During just one week in December, the COA will offer 34 activities: Meditation, quilting, creative writing, water aerobics, drum class, line dancing and trips to North Shore Mall and, for an evening concert, Salem State University.

Community Life Center

The new facility will be called Salem’s Community Life Center, a name that better reflects the diversity in age the COA serves. Currently, the COA seeks programs that broaden its appeal to a cross-generational age range of seniors.

“We go from 60 to 100 years old,” said Coffill. “We have to make sure we have activities geared to all age groups.”

Reaching out to younger seniors to pull them in the COA constitutes another priority on Arnold’s docket.

“Terry wants to introduce new opportunities for 50 and 60-years-old to join older adults at the new Community Life Center, to make it a central gathering place for all,” said Salem for All Ages Task Force Co-Chairman Pat Zaido.

The 14-member task force was formed the AARP and the World Health Organization certified Salem as an “Age Friendly City.” Members are currently executing a five-year action plan to ensure Salem remains age-friendly across transportation, social participation and social inclusion.

Arnold, in her role, sits on the task force, and she and Zaido have already had four or five meetings. She has been impressed by Arnold’s maturity, experience and passion.

“With 25 years of experience working with seniors and the disabled,” said Zaido, “it is obvious she is committed to this population.”

Advertisements

Creating intergenerational bonds the old fashioned way: by writing letters

by Shelley A. Sackett

 

 

Stanley Elementary School fourth grader Drew Hause couldn’t wait to go to school last Wednesday, June 7. Since October, he and 21 other students in Mrs. Sami Lawler’s class have corresponded with pen pals from the Swampscott Senior Center and today was the day they would finally meet them face-to-face.

 

The seniors were just as excited. For many who live far away from their own grandchildren, gaining a peek through the keyhole of a nine-year-old’s life over the course of the school year was a welcome treat during the long slog of the New England winter. Meeting them in person would be icing on the cake.

 

The intergenerational program was started years ago by Marilyn Cassidy as a way to connect seniors and young school children. For the first few years it was at Hadley Elementary School, then Clarke Elementary School, and this year its home base was Stanley.

 

 

Hause and Sackett

Pen pals Drew Hause and Shelley Sackett get ready to try their luck at bingo.

 

 

“The kids loved writing. They poured their heart and soul into their letters and I learned things while I was proofreading with them that I would otherwise not have known,” Lawler said, adding, “It was pretty special.”

 

 

Mello-Lawler-Fray-Kerr-Glynn

Mrs. Ami Lawler (second from left) and fourth grade class mom chaperones at the Swampscott Senior Center pen pal lunch.

 

 

Norma Freedman, of Swampscott, chaired this year’s Senior Center pen pal program. She has had a pen pal for many years, and even wrote to one girl throughout the summer while she was away at camp.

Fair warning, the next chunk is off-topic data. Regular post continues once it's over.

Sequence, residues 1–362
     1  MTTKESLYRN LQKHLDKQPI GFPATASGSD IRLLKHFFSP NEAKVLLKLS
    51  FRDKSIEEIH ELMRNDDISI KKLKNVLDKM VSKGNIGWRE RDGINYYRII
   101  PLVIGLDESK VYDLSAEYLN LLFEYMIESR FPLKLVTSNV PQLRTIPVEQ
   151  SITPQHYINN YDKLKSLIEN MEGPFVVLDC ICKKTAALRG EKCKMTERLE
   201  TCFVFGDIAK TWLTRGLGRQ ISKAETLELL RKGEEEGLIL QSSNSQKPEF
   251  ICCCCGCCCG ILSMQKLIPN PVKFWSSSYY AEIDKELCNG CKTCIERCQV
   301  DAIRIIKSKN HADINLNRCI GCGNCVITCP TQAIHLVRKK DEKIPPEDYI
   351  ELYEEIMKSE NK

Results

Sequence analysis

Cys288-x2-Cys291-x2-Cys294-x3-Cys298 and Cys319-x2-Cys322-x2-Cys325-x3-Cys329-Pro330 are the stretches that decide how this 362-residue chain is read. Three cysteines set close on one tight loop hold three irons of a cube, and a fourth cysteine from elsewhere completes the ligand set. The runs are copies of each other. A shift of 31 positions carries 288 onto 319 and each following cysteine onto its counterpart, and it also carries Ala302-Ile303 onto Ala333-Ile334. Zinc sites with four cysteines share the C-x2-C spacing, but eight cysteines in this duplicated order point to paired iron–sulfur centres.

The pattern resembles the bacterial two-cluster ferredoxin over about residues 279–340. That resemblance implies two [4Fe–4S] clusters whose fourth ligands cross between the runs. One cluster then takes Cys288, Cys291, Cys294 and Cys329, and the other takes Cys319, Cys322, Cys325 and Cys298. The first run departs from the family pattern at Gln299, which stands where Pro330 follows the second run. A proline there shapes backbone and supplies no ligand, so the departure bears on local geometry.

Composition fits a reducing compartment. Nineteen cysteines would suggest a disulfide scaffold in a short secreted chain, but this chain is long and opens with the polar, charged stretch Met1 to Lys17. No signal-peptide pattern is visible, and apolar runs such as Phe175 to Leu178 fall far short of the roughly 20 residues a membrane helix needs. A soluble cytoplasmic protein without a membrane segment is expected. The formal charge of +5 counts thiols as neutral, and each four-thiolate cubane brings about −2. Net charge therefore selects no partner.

“It’s a lot of fun and it’s good for the kids. They know there’s someone in the world besides their immediate family that cares for them,” she said.

 

The biggest challenge for her? “They draw a lot on the envelopes. I’m not an artist and I don’t draw, but I tried to, to keep it interesting for them too.”

 

The students arrived at the Senior Center by van (courtesy of the Senior Center) clutching handmade decorated envelopes, presents and lunch. Their senior pen pals were already there, and squeals of delight filled the lunchroom as hugs, presents and — of course — letters were exchanged.

 

Thomas Mello presented his pen pal, retired social worker Bill Foley, with a last letter in an envelope covered with colorful drawings of his pets, a guinea pig and an aquarium full of fish. Unsurprisingly, his favorite part of the pen pal project was “drawing on the cards.”

 

Mello-Foley-Jaeger-Kerr

From left: Thomas Mello, Bill Foley and Caleb Jaeger-Kerr get to know each other over lunch.

 

 

After lunch, seniors and fourth graders played four rounds of bingo, bonding even more over lessons in frustration and good sportsmanship. Freedman reminisced how her pen pal won one game last year and hugged and kissed her. “He was so happy. It was like I gave him the world,” she said with a smile.

 

Holly Mello, Thomas’s mother and one of the class chaperones, touted the scholastic benefits of teaching kids to communicate the old fashioned way — through letters. “It’s a great way for the kids to have an applied experience to practice their writing during the school year. They have grandparents, but they see and talk to them often on the phone,” she said.

 

Even though he didn’t win at bingo, Drew Hause had a big smile on his face as he hugged his pen pal goodbye and enthusiastically invited her to continue the correspondence after school lets out for the summer.

 

He offered parting words of advice to incoming Stanley fourth grade students. “When you guys are in Mrs. Lawler’s class, and she asks if you want a pen pal, you should say yes. You’ll be so happy because then you’ll meet them and it will be so much fun!”